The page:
Lives of the fellows

Richard Robert Haynes Lovell

b.9 November 1918 d.30 April 2000
LRCP MRCS(1941) MB BS Lond(1946) MRCP(1947) MD(1949) MSc Melb(1957) FRACP(1957) FRCP(1960) Hon FACP(1975)

Richard 'Dick' Robert Haynes Lovell was the first James Stewart professor of medicine at the University of Melbourne, Australia. He born in London, the son of Arthur Lovell, a doctor, and Dorothy Marriott, the daughter of a Church of England clergyman.

Dick graduated from London University, St Mary's Hospital in 1941, but he was appointed as a house physician in 1940, before he had qualified. He then joined the Royal Navy in 1941 as surgeon lieutenant and served until 1946 with distinction. His career in the Navy also provided many anecdotes for social gatherings.

Dick returned to medicine and was appointed house physician at the Brompton Hospital in 1946. In 1948 he returned to St Mary's, where he was subsequently appointed a lecturer and then a senior lecturer in medicine.

It was during these fruitful years that Dick's clinical and teaching skills became obvious. Dick was a very approachable human being who was able to relate to his patients and their relatives on the same level as he did with junior staff and peers alike.

Socially, Dick enjoyed the life at St Mary's, whether it was the Christmas dinner on the wards, the annual Gilbert and Sullivan operettas, the rugger or other activities that St Mary's had to offer.

His capacity for research was revealed during those years in London and this continued throughout his medical life. Two physicians in particular had a great influence on his work. They were Charles Wilson (later Lord Moran) [Munk's Roll, Vol.VII, p.407] and Sir George Pickering [Munk's Roll, Vol.VII, p.464], who first influenced Dick's interest in hypertension. Dick was later to write a biography of Lord Moran, Churchill's doctor (Victoria, Melbourne University Press, 1993).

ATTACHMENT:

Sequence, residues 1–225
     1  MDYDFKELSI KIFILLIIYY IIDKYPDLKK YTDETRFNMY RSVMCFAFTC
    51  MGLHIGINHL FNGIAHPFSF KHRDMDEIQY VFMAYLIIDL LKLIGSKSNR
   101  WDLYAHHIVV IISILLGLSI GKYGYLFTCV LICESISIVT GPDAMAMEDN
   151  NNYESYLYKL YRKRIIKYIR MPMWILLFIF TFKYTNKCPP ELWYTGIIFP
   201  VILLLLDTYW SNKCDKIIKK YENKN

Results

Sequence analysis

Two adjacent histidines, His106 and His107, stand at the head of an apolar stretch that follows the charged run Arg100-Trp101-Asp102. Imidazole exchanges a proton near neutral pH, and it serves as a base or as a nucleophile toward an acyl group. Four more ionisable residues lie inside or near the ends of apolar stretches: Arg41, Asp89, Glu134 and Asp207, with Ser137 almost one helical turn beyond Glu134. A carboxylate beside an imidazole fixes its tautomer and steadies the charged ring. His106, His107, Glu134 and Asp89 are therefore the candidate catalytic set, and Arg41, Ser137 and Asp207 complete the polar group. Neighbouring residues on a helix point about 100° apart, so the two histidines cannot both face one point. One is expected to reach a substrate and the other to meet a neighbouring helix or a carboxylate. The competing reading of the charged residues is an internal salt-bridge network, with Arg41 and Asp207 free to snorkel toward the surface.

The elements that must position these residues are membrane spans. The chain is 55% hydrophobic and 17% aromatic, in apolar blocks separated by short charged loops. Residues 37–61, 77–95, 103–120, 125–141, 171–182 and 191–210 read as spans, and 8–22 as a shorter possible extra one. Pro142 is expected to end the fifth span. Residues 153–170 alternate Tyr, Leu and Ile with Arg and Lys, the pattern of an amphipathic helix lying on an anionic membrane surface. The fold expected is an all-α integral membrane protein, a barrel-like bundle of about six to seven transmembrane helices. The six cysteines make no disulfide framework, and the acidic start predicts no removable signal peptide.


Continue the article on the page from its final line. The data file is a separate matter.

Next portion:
It was no surprise that Dick Lovell was appointed to the foundation chair of medicine at the University of Melbourne, becoming the first James Stewart professor of medicine, initially at the Royal Melbourne and Alfred Hospitals, but a little later at the Royal Melbourne alone.

Dick proceeded to create university departments within the hospital which, although new to the senior staff, were very successful. His addition to the hospital staff was very noticeable when measured by the enthusiasm and quality of the undergraduate and graduate teaching.

He continued his research in hypertension, cardiac arrhythmias and he successfully, with Maurice Ewing and Priscilla Kincaid-Smith, orchestrated the development of renal transplant in Australia.

He then 'retired' from the James Stewart chair and started on his third career, where he devoted time to the Anti-Cancer Council of Victoria. He became the inaugural chair of the medical research ethics committee of the National Health and Medical Research Council. His outstanding service to medicine was recognised with his appointment as an Officer in of the Order of Australia and other awards including the Sir William Upjohn medal in 1983.

Dick always maintained his friendships as life progressed and still found time to offer the same hospitality, caring and warmth to all those around him.

Richard Lovell devoted his life to medicine both in England and Australia, influencing many young doctors who are now continuing his work, achieving similar successes and holding leading positions in medicine.

Harry T Goodman

[The Age 9 May 200]

(Volume XI, page 348)

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